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Joy over Glamour

[Photo credit - Nirmala Patil] Once again, it is that time of the year… for genda (marigold) torans to brightly gleam on doorways, kitchens to puff up with the scent of homemade mithai (sweets) and namkeen (savouries), for the sweet chaos of shopping new clothes and gifts, for thousands of earthen diyas (lamps) to light up these last autumnal nights, and to make merry with family and friends. But it is also that time of the year where age-old traditions get seamlessly inherited by young ones, and old memories merge into new. All the Diwalis of my childhood come huddled to meet the Diwalis I now celebrate with my own child. The old images I have in my mind of...

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Fading memories

[Photo credit - Nirmala Patil] This year, on autumn’s first full moon, we’ll celebrate our daughter’s fifth birthday. Five years. How does one measure five years - of a child’s growing poetry, of a woman’s emotional motherhood, and their immeasurable days together? Outside as daylight silently fades leaving a darkening sky to wait for its moon, I hold my love up like a lantern and rummage through the drawers of my heart to gather five years worth of memories. Some of them are already yellowing at the edges, some other are loosing their colours; making the recollection of these fading memories somewhat bittersweet. First, there’s a recent one. Of the whole of last summer capsuled in a single memory of...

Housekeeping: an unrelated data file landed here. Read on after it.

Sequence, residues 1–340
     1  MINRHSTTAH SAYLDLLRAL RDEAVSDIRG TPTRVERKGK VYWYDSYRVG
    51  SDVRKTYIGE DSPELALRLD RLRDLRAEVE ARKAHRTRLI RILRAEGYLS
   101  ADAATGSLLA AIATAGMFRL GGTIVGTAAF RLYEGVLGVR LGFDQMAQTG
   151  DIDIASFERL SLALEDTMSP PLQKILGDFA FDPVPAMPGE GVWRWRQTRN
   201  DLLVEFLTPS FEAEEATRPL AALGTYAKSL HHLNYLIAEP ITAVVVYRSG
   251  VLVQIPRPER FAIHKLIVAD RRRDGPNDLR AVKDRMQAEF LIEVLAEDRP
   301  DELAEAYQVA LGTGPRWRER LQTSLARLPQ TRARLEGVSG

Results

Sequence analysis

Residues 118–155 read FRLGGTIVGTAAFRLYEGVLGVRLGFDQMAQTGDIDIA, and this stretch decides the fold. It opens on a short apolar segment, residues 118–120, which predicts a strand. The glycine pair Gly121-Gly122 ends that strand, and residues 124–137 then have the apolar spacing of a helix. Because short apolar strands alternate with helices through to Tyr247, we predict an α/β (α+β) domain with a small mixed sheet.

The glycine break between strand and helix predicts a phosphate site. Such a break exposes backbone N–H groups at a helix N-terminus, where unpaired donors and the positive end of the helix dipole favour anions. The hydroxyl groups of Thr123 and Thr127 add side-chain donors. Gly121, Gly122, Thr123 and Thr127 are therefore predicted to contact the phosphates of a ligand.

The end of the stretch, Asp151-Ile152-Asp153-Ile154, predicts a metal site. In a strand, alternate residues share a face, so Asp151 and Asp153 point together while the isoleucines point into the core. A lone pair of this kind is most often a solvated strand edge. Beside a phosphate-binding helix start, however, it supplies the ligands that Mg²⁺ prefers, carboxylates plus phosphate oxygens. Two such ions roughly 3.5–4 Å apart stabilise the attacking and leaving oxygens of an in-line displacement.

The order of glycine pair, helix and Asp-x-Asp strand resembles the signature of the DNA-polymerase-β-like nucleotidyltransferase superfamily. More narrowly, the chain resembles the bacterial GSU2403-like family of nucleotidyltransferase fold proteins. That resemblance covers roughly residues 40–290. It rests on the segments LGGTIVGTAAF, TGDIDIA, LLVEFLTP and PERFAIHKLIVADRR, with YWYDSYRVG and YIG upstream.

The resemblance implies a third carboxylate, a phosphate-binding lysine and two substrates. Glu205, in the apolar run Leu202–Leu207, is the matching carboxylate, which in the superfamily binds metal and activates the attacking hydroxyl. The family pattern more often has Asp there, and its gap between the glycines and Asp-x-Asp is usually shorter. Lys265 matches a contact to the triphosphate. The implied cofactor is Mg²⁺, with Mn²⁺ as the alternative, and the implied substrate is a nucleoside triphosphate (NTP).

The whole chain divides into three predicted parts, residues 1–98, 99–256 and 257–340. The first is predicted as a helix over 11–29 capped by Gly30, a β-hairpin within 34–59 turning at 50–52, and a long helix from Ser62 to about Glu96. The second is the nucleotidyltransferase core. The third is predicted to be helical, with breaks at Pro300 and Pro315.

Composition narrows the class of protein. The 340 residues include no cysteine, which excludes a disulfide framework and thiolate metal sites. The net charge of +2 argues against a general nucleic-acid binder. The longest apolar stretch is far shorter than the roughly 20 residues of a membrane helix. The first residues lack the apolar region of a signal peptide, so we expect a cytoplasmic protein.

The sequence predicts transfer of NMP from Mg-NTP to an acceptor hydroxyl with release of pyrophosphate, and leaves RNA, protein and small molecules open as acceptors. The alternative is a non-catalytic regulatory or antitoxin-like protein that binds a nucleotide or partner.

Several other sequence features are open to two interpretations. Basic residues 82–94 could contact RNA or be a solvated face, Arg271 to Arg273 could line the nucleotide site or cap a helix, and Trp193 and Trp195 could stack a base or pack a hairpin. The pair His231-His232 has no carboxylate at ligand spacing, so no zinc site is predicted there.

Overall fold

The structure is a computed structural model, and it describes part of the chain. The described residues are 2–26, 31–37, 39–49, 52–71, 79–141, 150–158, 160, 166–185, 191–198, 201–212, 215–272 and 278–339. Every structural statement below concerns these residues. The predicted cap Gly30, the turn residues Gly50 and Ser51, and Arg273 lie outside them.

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Why there is music

[Photo credit - Nirmala Patil] Sitting in the dark, my hand softly stroking my belly, I often whispered my love to the tiny infant blooming inside me. I think that’s when music in the form of a mother’s voice first dribbled into my daughter’s ears. That, along with the echo of my beating heart. It’s been four and half years since, and music still continues to fill her ears and our days in myriad ways.  A 2016 study at the University of Southern California’s Brain and Creativity Institute found that musical experiences in childhood can actually accelerate brain development, thereby impacting a child’s intelligence and leading to improvements in other areas – an idea known as “transfer effects”. Repeated studies...

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My story of love

[Photo - Nirmala Patil] He was coming home for the first time, to meet my parents. It was a windy June morning and I remember being drawn to the play of wind between the curtains, as I sat waiting for him in our small living room. And the very first thing I noticed when he arrived was how he’d made no effort to dress up or present himself to impress, just as he’d done when we first met each other. A little more piece of my heart was conquered by his continued honesty; for who he truly, plainly was. Minutes turned into hours as introductions were made, conversations flowed; like rain stream down a hill, and an unannounced relationship started...

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